Recent law reform debate proposes the complexity of trials as generally reducing juror comprehension. This in turn is said to impact on the accuracy of the verdict. The empirical studies of three very different jury systems examined in detail in the paper challenge these assumptions against problematic measures of complexity. Critics of the jury, particularly in commercial fraud trials, often take the issue of trial complexity as a given. The studies demonstrate that features of the trial which trouble jurors in terms of concentration, comprehension and decision making are consistent, while often specific to the trial and interrelated. The paper argues for a more sophisticated analysis of trial complexity to precede further empirical testing of the relationship between complexity, comprehension and verdict delivery. This is crucial as a foundation for any policy reform regarding verdict delivery mechanisms on the basis of trial complexity.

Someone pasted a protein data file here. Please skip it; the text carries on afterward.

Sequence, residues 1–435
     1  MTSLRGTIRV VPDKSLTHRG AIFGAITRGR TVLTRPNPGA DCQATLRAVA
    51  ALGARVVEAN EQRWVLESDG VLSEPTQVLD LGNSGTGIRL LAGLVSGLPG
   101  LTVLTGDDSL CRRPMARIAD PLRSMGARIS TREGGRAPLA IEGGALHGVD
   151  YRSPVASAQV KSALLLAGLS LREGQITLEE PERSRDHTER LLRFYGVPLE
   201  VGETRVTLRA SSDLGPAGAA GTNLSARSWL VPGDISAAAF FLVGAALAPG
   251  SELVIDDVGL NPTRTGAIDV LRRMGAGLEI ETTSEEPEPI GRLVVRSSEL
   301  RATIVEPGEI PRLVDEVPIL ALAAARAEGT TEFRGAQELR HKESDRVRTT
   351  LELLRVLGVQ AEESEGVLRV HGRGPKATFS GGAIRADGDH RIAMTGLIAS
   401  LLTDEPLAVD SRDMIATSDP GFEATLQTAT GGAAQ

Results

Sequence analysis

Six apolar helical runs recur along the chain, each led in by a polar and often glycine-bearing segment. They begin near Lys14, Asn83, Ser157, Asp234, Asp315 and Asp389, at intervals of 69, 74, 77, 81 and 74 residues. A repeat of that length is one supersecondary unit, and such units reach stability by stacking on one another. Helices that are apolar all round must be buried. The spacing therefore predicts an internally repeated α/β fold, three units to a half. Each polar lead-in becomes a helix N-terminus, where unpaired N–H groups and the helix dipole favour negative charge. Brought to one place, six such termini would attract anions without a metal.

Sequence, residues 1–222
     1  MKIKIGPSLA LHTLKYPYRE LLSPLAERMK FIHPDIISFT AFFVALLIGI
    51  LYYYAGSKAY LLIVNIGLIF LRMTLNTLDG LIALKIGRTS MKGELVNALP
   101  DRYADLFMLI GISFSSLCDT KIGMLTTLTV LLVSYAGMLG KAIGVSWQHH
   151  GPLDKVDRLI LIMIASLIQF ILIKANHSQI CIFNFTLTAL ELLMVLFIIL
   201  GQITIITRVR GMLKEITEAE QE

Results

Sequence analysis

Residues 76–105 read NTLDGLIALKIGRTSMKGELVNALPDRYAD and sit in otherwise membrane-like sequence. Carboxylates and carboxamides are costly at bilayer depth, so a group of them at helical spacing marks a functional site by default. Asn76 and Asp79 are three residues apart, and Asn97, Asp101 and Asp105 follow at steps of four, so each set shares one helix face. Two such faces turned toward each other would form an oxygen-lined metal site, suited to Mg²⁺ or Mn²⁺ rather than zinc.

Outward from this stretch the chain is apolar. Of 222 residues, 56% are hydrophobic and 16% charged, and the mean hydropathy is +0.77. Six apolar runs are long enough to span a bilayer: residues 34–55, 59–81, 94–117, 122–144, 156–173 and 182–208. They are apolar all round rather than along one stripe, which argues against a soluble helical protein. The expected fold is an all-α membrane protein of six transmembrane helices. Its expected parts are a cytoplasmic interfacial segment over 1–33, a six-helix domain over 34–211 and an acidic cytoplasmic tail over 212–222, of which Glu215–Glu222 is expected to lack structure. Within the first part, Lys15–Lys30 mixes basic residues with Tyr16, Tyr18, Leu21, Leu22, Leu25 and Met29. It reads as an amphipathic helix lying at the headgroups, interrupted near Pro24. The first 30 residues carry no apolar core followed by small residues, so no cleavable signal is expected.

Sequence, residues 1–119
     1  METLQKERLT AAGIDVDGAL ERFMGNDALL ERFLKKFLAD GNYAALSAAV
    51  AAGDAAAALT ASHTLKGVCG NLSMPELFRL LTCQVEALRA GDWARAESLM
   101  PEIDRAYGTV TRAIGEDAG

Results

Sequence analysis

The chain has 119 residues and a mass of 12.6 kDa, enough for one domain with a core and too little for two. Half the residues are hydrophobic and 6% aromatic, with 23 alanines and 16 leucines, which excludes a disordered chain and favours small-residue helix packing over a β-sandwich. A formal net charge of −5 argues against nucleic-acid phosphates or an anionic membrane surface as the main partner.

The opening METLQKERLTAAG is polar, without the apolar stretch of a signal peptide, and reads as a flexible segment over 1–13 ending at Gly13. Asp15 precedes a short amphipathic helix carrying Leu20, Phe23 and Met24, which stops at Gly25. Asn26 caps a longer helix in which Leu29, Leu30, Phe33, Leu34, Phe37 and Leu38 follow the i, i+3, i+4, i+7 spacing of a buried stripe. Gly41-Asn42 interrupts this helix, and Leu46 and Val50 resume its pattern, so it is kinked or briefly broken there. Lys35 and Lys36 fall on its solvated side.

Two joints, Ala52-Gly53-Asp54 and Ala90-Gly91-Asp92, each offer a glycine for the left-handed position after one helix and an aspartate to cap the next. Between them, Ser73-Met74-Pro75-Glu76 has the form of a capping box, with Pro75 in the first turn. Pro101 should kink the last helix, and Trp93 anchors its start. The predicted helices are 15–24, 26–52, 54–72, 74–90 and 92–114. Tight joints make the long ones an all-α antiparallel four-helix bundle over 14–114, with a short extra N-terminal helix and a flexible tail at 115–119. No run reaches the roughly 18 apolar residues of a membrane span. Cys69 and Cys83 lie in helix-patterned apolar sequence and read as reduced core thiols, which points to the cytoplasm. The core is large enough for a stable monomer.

Law, Society and Governance
British Journal of Criminology
Oxford University Press (OUP): Policy E - Oxford Open Option D
Juror Comprehension and Complexity: Strategies to Enhance Understanding. (2001). British Journal of Criminology. 41, (1), 56-76. Research Collection School Of Law.
Available at: http://ink.library.smu.edu.sg/sol_research/2020
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